Negotiating with clients can be a delicate balance, but it is easier if you have a strong relationship with them. If your client asks you questions about why you are charging a certain amount, here are some considerations to help make the negotiation smoother. You could even reference these factors when writing an invoice if you want to pre-empt any pricing questions.
- Price of raw materials: If you have to purchase raw materials to create the product for your client, these expenses should be reflected — along with the value of your time — in your final invoice.
- Market prices: If a client has a problem with your pricing, you can provide information about average market prices for similar products or services to demonstrate that your pricing is in line with market rates.
- Proof of experience: Your credentials should also be factored into your pricing. For example, if you have been making pottery for 20 years, you are going to charge more for a set of dishware than someone who has made pottery for three years, because you are likely offering a higher quality product.
What to do if a client takes advantage of you
In the event that you do find yourself taken advantage of by a client, despite your vetting process, you have a few options.
Depending on your relationship with the client, you may be able to negotiate a settlement. However, if you can’t come to a peaceable agreement, consider turning to a third party for help.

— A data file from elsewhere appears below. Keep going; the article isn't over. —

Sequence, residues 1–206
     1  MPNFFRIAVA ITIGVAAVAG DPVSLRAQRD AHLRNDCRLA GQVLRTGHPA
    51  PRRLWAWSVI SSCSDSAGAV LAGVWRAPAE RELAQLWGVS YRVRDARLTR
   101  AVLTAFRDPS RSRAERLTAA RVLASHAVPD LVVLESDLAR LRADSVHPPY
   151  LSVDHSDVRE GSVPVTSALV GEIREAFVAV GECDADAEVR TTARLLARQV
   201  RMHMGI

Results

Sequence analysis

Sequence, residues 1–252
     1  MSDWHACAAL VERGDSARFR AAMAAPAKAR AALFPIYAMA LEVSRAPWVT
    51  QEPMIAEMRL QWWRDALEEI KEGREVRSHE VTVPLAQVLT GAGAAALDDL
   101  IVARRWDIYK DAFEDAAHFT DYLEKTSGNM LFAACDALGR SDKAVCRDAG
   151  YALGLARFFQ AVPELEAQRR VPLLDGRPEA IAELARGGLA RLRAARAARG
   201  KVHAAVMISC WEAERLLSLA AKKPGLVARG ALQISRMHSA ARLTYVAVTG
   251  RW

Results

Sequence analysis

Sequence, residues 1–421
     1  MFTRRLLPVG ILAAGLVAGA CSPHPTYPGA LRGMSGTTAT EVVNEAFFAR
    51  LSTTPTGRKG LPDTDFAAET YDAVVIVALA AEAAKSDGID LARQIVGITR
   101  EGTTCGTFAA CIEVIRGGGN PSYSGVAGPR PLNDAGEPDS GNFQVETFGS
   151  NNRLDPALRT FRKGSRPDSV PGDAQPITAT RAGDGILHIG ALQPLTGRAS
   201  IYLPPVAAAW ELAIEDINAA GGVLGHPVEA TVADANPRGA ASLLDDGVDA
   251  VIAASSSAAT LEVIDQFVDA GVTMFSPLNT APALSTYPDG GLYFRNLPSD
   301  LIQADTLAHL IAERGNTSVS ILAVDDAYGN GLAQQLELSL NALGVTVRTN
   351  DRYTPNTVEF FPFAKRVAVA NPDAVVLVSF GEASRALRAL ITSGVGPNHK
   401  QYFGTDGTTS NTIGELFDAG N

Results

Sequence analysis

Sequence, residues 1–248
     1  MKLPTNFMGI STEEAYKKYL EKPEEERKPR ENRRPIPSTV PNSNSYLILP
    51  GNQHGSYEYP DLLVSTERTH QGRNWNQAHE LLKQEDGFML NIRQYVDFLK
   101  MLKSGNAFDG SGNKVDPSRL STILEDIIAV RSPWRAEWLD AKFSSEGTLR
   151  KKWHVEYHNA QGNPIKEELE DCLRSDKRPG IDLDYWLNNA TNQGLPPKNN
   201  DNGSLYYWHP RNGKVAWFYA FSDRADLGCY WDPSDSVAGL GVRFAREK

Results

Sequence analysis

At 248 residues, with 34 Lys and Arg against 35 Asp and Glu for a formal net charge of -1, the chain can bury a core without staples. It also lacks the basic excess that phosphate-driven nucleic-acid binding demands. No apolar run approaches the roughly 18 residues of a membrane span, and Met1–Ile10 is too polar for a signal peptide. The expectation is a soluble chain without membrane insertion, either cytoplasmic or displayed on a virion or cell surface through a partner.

Hire a collection company
A collection company will help you pursue past-due invoices if you are unable to reach out to your client. It should be noted that taking an invoice to collections will reflect poorly on your client’s credit score. Additionally, you won’t see the whole payment because the collection company will take a percentage.
Just as you do with clients, it is important that you vet the collection agency and ensure they are properly licensed and registered. If you don’t, you may end up in a worse place than when you started.
Professional mediation can be a good way to solve business disputes. For example, if you and your client are not able to agree on the interpretation of your contract, hiring a professional mediator may help you come to an agreement. Professional mediation is a good way to solve problems in a civil way.
You will want to have a specific goal in mind before you start mediation. This will help you find a mediator who has the skills you are looking for and ensure you are not wasting time or money trying to find the ideal outcome. While you may not achieve your goal exactly how you envision it by the end of the mediation process, having something to work toward is the first step to negotiating an agreement.
Pursue legal action
For more extreme cases, you can pursue legal action. For example, if a client causes physical or property damage to you or your business, you can sue for reparations. Pursuing legal action against a client is often a long and expensive process.
The type of lawsuit you are filing, whether it be a small claims suit or a civil suit, will determine how long the process will take. In either case, you will have to pay for your own legal representation for the length of the suit, as well as all court filing fees, which can add up.
Before you start the court process, make sure the problem is either too large or too complex to solve through mediation. Still, by having a clear, legally binding contract, you can reduce the likelihood that you would need to pursue legal action against your client.
Vetting your clients at the beginning of every professional relationship helps to protect your business. This process can be as simple or complex as your needs dictate, but every freelancer should put a vetting process in place and follow it with every new prospective client.